Policy change would allow Regents exam credits to count toward high school equivalency diploma

by Cathy Woodruff

On Board Online • November 20, 2017

By Cathy Woodruff
Senior Writer

The Board of Regents has endorsed a plan to allow teens and young adults to keep any credits they earned for passing Regents exams in math, science, English language arts or social studies before they dropped out or turned 21, so they may later apply those credits toward a high school equivalency diploma.

The plan is scheduled to take effect in February unless there is a hitch in the formal approval process.

Students who don't earn all 22 required coursework credits and pass four to eight required Regents exams (or certain approved alternatives) cannot receive a traditional high school diploma. And once they leave school without graduating, they lose any credits they had accumulated by passing the Regents exams.

This may discourage those who have dropped out from seeking a high school equivalency degree because they basically have to start from scratch, Kevin G. Smith, deputy education commissioner for adult and continuing education, told the Board of Regents in a recent presentation.

To gain an equivalency diploma, former high school students must pass a full battery of subject-area subtests that are part of the TASC (Test Assessing Secondary Completion), which replaced New York's GED (General Educational Development) exam in 2014.

Enabling students to keep and apply Regents exam credit for subject areas they already mastered, instead of taking TASC subtests covering the same subjects, could help make the idea of earning a high school equivalency diploma less daunting and could inspire some struggling students to stay in school, Smith said.

"We are trying to incentivize students to persist and remain engaged in their secondary education," Smith told the Regents.

Exactly how many former high school students would be able to benefit from the regulatory change isn't known, but available records suggest that it could make a difference for tens of thousands of students.

The group could include older teens already approaching age 21, new English language speakers, students with disabilities, students dealing with drug or alcohol problems, and those with social-emotional or mental health issues. These are among those who most commonly have difficulty graduating on time and are at risk of dropping out, state education officials say.

If the rules regarding Regents exam credits change as planned, these students could be counseled to stay in school and focus on just a few subjects, rather than all subjects, state officials suggest.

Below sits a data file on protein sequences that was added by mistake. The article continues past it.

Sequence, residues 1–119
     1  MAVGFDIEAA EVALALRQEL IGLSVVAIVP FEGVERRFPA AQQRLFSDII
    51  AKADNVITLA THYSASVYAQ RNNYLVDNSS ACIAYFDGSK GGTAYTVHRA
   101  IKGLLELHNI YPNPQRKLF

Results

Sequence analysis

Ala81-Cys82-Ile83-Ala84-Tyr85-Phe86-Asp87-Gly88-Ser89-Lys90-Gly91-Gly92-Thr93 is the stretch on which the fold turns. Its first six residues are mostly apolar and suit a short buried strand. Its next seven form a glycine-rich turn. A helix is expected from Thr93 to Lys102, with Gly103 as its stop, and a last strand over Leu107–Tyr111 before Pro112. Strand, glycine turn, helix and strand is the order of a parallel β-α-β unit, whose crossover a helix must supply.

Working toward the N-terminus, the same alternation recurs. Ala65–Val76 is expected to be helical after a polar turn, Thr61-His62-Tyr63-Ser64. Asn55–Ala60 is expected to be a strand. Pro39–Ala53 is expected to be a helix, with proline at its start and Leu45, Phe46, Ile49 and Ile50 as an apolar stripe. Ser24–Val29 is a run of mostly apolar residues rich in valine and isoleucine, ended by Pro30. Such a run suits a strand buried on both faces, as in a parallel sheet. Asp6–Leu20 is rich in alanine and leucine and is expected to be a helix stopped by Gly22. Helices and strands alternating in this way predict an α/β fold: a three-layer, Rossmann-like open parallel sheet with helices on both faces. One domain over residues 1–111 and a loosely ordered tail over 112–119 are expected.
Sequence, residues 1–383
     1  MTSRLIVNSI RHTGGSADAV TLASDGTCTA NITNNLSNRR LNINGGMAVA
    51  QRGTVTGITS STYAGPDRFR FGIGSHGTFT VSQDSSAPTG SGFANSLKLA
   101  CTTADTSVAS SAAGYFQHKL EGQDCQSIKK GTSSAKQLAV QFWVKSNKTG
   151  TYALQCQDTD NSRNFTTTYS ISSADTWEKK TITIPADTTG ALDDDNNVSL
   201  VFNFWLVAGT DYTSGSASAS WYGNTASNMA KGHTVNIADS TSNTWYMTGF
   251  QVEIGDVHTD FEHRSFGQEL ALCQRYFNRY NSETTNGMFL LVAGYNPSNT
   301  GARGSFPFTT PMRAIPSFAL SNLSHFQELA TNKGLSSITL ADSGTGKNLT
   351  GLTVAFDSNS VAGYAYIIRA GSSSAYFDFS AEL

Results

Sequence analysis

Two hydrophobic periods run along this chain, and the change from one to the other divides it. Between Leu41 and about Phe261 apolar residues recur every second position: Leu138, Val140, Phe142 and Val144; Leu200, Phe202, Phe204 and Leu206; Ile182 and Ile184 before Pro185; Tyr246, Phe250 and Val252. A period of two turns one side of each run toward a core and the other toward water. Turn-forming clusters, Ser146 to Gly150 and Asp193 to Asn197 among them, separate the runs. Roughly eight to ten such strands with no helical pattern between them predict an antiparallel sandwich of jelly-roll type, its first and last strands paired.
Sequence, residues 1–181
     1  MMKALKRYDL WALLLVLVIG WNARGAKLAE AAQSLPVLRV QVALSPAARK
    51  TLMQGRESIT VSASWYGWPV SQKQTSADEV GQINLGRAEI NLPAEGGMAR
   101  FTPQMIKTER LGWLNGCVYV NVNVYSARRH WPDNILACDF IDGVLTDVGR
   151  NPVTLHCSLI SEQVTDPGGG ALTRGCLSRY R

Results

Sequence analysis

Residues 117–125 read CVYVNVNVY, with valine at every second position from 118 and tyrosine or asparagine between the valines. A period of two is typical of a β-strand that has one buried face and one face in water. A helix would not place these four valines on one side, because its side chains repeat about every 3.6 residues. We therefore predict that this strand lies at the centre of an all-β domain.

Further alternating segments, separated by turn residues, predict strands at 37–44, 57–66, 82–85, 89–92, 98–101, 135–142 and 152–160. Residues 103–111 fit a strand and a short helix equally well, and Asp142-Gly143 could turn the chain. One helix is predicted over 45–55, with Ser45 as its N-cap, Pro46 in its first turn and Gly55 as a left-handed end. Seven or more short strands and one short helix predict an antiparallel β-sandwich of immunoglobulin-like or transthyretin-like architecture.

SED records show that more than 15,800 students who entered ninth grade in 2011 or 2012 and passed one or more of the required Regents examinations dropped out before earning a diploma at the expected graduation time (in 2015 or 2016). More than 3,000 of the students who did not graduate had passed four Regents exams.

Another 20,658 students from those years passed no Regents exams before dropping out. Officials speculate that they are among those who might have been more likely to stay in school and work toward passing at least some Regents exams, if they had been assured of retaining those credits.

Currently, most New York students are working toward a high school equivalency diploma study for five TASC subtests: reading, writing, social studies, science and mathematics. Any candidate no longer enrolled in high school must pass all of those exams to earn the equivalency diploma, Smith noted.

The new proposal would turn a passing score on a Regents exam into a "portable credit" that could substitute for a corresponding TASC subtest. The English language arts Regents exam would substitute for passing the TASC subtests in both reading and writing.

Smith described the math Regents credit as the most potentially prized credit for an aspiring graduate to have in his or her pocket, if the new pathway is approved.

"The math is the one that stumps most folks," he told the Regents. The greater the time gap between the high school coursework and the TASC exam, the more difficult it is to pass the test - and that seems to be particularly true for math, Smith said.

"The math (TASC exam) tends to be one of the areas that takes the longest to get ready for," Dan White, district superintendent for the Monroe 1 BOCES region, told On Board. He said the need to invest sufficient study and preparation time becomes a larger obstacle for adult learners who also may be juggling responsibilities for work and parenthood. They also can face more challenges gaining transportation to classes and exams, he said.

If adult learners could keep the credit they earned for passing the algebra Regents while they were in ninth grade, they would have far more time to devote to the other courses and exams required for a TASC diploma, White said.

"Time is a significant issue for adult learners, and they have a number of issues that they face," he said.

The regulatory amendments associated with the change now are out for public comment. The Regents are expected to consider permanently adopting the new regulations, which would take effect in February, at their January meeting.


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